Finance leaders are still prioritizing investment into artificial intelligence or other digital transformation areas, but in the face of persistent economic headwinds they’re rethinking their spending on these tools, and reassessing their potential return on investment.
One of the main challenges is the nascent nature of the technology itself. Finance leaders looking to spend on new technologies will need to make investments into unknown areas, which necessitates more risk, said Angela Pierce, CFO and president of data science and machine learning platform Anaconda.
Pierce has served as president and CFO for the platform for three years, and has held other CFO and financial executive roles at companies including Airstrip Technologies and Trillion Partners, according to her LinkedIn profile. She began her career at Deutsche Bank.
Moving into the dark woods
Finance chiefs, tasked as they are with managing their companies’ funds responsibly, tend to be relatively risk-adverse. This mindset can be a help and potentially a hindrance when it comes to rapidly changing technologies like AI, where CFOs must quickly determine just how much risk they are willing to take on with potentially unproven technologies as they look to remain competitive.
Many businesses are reorienting their tech spend to stay disciplined on business needs first and transformation second in a contracting economy, but AI’s long-term potential is still captivating businesses and their executive leadership.
Tools such as ChatGPT, a free language model powered by OpenAI, have spurred AI initiatives forward at large-scale companies including Microsoft and Google, according to a recent report by sister publication CIO Dive.
Pierce herself is anticipating a kind of AI gold rush, she said.
“You’re going to see this mass of people that have never thought about AI before, or maybe they thought about it but they didn’t know how it fit, and there’s going be this huge rush for people to say, ‘how can I get it?’” she said. “I want to be in the movement, right? I don’t want be left behind in five years like, ‘everyone has an AI strategy, I don’t.’”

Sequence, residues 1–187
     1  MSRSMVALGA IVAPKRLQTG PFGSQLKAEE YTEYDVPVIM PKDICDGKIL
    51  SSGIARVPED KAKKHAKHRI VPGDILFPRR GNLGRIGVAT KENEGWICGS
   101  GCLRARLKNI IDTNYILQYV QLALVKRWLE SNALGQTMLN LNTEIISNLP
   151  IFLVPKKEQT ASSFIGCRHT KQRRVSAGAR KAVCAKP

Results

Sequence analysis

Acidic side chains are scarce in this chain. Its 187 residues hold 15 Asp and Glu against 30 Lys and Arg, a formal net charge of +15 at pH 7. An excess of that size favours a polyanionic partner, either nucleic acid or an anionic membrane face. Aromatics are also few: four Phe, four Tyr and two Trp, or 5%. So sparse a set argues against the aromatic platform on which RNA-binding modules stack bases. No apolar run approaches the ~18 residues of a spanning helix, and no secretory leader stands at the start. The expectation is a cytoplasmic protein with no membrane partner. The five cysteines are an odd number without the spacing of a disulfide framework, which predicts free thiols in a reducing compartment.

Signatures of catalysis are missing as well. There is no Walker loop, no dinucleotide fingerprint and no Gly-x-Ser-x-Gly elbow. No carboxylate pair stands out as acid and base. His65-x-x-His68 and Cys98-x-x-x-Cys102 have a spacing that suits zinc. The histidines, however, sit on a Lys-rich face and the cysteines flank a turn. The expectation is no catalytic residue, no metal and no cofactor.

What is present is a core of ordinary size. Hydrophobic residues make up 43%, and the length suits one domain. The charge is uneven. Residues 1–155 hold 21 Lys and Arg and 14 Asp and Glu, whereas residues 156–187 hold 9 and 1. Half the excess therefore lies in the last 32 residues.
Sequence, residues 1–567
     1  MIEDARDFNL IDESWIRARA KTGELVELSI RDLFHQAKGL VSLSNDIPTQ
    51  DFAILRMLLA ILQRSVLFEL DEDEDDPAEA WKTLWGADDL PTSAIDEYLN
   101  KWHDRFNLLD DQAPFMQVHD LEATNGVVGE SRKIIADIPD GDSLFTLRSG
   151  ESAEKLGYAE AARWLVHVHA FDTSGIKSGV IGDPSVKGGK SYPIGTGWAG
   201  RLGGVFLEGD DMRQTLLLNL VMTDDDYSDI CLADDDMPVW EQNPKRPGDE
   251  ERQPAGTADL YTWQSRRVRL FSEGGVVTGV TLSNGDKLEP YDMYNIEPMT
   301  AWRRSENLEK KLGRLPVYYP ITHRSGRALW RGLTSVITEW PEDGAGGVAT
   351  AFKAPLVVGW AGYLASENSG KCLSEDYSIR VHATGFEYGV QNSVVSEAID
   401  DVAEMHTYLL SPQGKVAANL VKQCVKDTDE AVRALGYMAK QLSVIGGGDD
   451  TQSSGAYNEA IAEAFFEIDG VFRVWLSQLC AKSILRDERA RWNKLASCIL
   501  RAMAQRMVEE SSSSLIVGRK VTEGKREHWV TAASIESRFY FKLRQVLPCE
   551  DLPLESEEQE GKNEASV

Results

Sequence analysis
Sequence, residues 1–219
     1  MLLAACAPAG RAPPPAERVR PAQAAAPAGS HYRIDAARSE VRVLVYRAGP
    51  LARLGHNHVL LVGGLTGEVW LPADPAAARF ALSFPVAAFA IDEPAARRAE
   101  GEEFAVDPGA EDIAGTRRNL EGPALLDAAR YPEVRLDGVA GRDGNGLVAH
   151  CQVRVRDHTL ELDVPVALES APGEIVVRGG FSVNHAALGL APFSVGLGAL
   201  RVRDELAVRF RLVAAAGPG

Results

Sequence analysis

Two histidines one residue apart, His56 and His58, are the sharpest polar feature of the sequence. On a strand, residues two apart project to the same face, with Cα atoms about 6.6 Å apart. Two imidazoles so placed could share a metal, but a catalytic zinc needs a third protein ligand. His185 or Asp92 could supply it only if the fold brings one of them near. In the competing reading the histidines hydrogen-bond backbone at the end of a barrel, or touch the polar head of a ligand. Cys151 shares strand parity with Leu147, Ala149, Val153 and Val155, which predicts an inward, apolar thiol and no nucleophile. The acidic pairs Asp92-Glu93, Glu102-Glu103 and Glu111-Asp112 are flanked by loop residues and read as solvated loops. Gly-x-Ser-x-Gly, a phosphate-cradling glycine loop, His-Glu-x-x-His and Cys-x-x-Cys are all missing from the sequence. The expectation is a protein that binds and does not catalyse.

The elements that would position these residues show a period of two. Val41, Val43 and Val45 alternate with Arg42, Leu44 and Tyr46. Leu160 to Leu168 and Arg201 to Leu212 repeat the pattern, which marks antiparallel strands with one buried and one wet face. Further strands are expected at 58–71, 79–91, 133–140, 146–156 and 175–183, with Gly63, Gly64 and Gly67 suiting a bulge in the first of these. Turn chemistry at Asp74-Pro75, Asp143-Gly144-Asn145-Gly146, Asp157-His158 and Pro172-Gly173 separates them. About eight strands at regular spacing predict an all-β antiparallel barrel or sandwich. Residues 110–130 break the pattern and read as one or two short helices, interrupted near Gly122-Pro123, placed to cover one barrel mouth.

This, however, means CFOs that do want to stay ahead of the technological curve need to get comfortable with some level of uncertainty, Pierce said.
“If you want to be one of the players in that space in five years, if you want to be a name, you’re going have to go into the dark woods,” she said. “And CFOs don’t like that. We don’t like dark woods — we like well-lit areas.”
Pierce, who is also in charge of Anaconda’s sales, marketing and revenue, does not view herself as a conservative CFO.
Anaconda is already experimenting with ChatGPT for some of its SOPs, Pierce said, as well as utilizing it for things like the company’s travel and reimbursement policies, she said. They are also going to begin testing out the tool for certain written and quarterly reports.
Opening space for education, collaboration
It’s unlikely AI’s evolution will slow down in the near future. CFOs who are making investments in these uncharted areas must therefore prioritize education in this space in order to make the best decisions possible, Pierce said.
“I think there’s a huge opportunity … for CFOs to be kind of a champion, to challenge organizations on how they can use and view frameworks that are out there to get better cost structure, to have better reporting, get better results,” Pierce said.
It is also important for financial leaders to be able to lean on their team when it comes to these decisions, including those outside of the finance department, Pierce said.
At Anaconda, Pierce will have one-on-ones with engineering leads to discuss different solutions or potential partnerships, she said, which can help to make such decisions even if both parties are stepping out of their areas of expertise.
“You can’t be afraid to collaborate with the seasoned people outside of your comfort zone,” she said.